[From Room Thirteen, January 12, 2008]
It’s difficult to talk about The Shondes, the Brooklyn-based alleged Next Big Thing, without first mentioning their political fervor, religious zeal and gender ambiguity, so there’s no point in not putting it out there: The Shondes’ (Yiddish for “disgrace”) stances border on Judaic extremism, three of their four members are female transgenders and the group rages on against the injustices it perceives in the world around it every chance they get.
There. Now, on to the music.
Employing elements of punk, hard rock, power pop, classical and Jewish folk music, it’s obvious the group has dutifully studied the playbooks of each of those schools. From the opening guitar lick and four-on-the-floor kick pattern of “Don’t Look Down,” the band fires relentlessly on all cylinders. Expertly anchored by the low-end swing of drummer Temim Frutcher, the violin flourishes from Elijah Oberman dovetail nicely with Ian Brannigan’s melodic guitar attack. Comparisons are often made between the band mad Sleater-Kinney, but that comes off more as lazy personnel comparison; The Shondes’ trad-rock fusion is actually more reminiscent of bands like The Pogues or The Tossers, who similarly utilised centuries-old musical stylings to advance their own agendas.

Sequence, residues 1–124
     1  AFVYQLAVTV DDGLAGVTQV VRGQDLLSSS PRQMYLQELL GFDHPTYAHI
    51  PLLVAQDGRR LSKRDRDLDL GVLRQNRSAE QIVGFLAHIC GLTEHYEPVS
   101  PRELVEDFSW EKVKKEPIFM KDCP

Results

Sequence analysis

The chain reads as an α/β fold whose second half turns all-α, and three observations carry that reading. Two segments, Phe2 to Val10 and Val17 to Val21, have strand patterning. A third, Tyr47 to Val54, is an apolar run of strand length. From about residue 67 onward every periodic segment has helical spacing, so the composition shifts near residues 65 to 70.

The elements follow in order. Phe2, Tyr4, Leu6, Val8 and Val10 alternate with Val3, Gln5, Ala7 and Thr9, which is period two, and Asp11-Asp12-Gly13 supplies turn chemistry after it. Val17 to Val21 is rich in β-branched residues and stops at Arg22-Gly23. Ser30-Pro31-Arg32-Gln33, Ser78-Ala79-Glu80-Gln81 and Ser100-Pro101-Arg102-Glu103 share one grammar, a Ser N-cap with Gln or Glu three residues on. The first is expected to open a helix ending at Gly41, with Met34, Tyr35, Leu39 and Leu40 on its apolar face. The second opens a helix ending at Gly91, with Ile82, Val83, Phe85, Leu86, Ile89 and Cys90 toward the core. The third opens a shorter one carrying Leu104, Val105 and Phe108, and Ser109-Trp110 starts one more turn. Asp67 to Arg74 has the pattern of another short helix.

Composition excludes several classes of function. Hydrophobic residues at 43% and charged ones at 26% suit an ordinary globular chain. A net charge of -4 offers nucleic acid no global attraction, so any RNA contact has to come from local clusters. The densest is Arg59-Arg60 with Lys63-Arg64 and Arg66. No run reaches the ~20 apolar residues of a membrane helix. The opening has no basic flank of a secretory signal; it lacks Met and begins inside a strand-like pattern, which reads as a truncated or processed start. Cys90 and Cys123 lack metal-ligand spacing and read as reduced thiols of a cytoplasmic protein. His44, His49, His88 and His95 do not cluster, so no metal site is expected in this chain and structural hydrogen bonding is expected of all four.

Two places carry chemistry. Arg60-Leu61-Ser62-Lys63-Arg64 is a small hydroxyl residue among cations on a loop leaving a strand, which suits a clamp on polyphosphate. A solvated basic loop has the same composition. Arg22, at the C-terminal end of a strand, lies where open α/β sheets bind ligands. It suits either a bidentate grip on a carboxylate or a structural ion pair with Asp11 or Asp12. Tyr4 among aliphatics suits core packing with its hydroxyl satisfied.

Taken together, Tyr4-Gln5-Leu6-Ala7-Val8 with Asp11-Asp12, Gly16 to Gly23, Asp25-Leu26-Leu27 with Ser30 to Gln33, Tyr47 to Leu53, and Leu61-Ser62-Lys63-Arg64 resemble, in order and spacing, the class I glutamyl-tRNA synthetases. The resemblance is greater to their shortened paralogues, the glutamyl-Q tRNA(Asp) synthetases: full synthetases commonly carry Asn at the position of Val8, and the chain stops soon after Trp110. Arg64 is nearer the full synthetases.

And also in the same tradition of those two groups, The Shondes’ mission and music are so heavily intertwined throughout The Red Sea‘s eleven songs that it’s hard to look at one without feeling the other looming so heavily over it. With song titles like “I Watched the Temple Fall” and “The Mother and the Colony,” it’s clear the group prefers the sledgehammer approach to subtlety.
But perhaps that’s the point: if The Shondes set out to make music that absolutely forced the listener to take notice of what they’re talking about, mission accomplished. Their sexuality may turn off some, their fervor may alienate even more, but their songs are undeniably good and it’s hard to see these four New Yorkers really caring what you think of them. You’ve already listened. They’ve already done what they set out to do.
To be fair, The Shondes’ final product is not as totally unique as their elements may suggest. Their sound borrows quite heavily from a number of the other latter-day garage rock revivalists – The White Stripes and The Strokes, to name two – and the musical arrangements and vocal melodies sound more Celtic than they do Gypsy or traditional Jewish.
“These are the things that keep me alive,” Oberman sings on “Let’s Go.” Rock on, sister. Rock on.